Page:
The term is not encountered regularly in French culinary texts until the 19th century, so it is difficult to know what a dish à la mirepoix was like in 18th-century France. Beauvilliers, for instance, in 1814, gives a short recipe for a Sauce à la Mirepoix which is a buttery, wine-laced stock garnished with an aromatic mixture of carrots, onions, and a bouquet garni. Carême, in the 1830s, gives a similar recipe, calling it simply Mire-poix; and, by the mid-19th century, Gouffé refers to a mirepoix as "a term in use for such a long time that I do not hesitate to use it here". His mirepoix is listed among essences and, indeed, is a meaty concoction (laced with two bottles of Madeira!), which, like all other essences, was used to enrich many a classic sauce. By the end of the 19th century, the mirepoix had taken on its modern meaning and Favre in his Dictionnaire universel de cuisine (c. 1895, reprinted 1978) uses the term to describe a mixture of ham, carrots, onions, and herbs used as an aromatic condiment when making sauces or braising meat.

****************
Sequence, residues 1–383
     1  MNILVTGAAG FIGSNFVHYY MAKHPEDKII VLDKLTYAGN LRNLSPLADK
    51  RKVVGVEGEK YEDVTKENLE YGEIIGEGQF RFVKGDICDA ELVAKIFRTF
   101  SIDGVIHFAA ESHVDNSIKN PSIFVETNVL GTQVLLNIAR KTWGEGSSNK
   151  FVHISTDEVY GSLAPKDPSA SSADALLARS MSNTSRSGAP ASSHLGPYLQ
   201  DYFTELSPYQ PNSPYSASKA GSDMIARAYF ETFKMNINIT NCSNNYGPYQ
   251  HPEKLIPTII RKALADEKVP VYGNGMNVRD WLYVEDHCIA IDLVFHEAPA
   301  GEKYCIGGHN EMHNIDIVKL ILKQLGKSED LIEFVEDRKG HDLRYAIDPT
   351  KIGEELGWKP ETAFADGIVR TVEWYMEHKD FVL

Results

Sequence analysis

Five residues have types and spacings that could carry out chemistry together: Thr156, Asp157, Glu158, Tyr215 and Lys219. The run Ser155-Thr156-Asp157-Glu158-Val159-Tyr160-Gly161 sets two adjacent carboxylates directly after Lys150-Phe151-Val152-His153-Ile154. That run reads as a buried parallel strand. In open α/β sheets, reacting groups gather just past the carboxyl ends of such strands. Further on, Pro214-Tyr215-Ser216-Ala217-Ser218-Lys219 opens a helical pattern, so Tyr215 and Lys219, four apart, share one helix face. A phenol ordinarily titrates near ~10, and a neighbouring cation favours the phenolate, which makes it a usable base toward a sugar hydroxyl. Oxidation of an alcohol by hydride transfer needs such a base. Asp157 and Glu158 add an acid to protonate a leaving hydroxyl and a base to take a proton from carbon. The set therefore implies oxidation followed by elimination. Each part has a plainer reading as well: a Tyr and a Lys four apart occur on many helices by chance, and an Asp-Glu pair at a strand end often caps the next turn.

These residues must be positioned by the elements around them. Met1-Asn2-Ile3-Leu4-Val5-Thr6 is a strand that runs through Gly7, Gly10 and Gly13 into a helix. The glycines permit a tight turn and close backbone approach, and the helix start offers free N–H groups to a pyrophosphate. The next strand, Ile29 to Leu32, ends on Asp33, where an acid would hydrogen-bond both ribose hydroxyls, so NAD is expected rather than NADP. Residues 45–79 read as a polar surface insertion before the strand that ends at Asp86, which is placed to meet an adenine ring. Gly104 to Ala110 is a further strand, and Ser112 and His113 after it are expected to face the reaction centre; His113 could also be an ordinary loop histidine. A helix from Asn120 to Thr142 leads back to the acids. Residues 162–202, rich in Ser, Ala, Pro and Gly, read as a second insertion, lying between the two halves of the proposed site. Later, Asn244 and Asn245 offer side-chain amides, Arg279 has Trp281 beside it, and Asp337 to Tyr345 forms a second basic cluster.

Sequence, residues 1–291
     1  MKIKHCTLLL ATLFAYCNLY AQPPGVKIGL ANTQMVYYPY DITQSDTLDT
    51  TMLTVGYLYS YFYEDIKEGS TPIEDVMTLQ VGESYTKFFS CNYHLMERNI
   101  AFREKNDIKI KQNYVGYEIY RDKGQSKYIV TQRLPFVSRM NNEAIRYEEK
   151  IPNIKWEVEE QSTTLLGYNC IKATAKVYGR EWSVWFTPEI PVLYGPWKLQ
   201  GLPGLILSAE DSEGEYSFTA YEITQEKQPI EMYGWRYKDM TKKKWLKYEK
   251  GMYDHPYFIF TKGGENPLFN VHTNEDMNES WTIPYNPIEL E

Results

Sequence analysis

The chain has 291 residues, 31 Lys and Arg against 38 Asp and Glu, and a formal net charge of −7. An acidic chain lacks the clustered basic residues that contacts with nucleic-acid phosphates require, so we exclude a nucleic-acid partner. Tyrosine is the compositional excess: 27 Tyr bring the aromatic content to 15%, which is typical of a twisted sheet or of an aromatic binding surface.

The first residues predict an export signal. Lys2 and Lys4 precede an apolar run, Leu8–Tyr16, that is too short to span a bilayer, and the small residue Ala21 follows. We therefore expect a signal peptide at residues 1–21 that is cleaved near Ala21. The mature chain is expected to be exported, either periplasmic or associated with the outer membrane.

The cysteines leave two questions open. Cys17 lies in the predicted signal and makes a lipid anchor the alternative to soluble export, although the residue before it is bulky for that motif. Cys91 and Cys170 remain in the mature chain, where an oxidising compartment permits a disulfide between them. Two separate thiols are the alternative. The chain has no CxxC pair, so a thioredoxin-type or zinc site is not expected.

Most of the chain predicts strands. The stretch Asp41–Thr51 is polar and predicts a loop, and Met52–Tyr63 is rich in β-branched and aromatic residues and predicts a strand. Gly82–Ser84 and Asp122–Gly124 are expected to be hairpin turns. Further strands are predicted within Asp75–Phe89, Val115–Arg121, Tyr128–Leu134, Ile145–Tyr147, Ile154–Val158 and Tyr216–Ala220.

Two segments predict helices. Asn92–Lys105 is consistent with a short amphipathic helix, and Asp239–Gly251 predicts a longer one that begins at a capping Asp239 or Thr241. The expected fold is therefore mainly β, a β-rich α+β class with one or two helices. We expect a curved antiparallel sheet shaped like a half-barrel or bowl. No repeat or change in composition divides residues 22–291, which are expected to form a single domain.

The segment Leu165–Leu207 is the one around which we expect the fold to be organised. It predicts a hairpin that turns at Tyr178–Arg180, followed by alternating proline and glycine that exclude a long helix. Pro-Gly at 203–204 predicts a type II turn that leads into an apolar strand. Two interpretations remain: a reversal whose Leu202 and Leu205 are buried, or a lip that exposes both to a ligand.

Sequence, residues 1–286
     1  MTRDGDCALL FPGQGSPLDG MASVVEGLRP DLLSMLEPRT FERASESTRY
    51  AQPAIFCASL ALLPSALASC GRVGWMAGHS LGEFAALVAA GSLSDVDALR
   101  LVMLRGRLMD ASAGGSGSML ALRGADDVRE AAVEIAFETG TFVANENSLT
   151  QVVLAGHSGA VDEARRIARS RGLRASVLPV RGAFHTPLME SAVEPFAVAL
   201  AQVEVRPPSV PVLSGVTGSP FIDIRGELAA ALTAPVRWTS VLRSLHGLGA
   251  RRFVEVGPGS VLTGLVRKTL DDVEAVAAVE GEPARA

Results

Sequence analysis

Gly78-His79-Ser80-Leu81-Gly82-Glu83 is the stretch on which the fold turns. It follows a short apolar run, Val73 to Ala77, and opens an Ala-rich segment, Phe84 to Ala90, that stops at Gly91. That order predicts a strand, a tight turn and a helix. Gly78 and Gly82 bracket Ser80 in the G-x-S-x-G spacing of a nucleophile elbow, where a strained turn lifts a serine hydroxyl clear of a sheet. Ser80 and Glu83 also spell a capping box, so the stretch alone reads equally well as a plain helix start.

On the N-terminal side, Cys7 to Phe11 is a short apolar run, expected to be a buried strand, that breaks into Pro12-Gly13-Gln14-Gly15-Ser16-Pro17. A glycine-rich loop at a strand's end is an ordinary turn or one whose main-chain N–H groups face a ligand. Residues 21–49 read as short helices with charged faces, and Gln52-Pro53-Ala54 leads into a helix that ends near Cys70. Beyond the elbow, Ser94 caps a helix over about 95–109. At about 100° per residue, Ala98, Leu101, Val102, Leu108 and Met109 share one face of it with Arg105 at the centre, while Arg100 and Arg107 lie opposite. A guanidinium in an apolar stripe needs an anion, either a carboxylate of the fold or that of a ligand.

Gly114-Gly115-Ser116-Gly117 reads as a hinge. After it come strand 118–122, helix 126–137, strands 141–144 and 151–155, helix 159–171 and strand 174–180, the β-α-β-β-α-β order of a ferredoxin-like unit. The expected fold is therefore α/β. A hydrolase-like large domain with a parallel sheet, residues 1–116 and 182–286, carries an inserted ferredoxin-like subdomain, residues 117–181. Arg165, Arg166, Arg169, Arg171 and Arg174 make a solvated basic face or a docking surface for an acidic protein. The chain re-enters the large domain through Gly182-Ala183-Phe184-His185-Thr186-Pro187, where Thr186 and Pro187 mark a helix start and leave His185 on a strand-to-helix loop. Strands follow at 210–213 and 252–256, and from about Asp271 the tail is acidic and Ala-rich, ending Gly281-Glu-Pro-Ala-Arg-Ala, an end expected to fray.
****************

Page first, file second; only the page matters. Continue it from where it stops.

According to the 1938 Larousse Gastronomique, a mirepoix may be prepared "au gras" (with meat) or "au maigre" ("lean"). Mirepoix au maigre is sometimes called a brunoise (though strictly speaking this term more accurately merely designates the technique of cutting into small dice with a knife). A mirepoix au gras contains diced ham or pork belly as an additional ingredient. Similar combinations, both in and out of the French culinary repertoire, may include leeks, parsnips, garlic, tomatoes, shallots, mushrooms, bell peppers, chilies, and ginger, according to the requirements of the regional cuisine or the instructions of the particular chef or recipe. The analogous soffritto (frequently containing parsley) is the basis for many traditional dishes in classic Italian cuisine, and the sofrito serves a similar purpose in Spanish cuisines. In Cajun and Creole cuisine, a mirepoix or (jocularly so-called) "holy trinity" is a combination of onions, celery and bell peppers.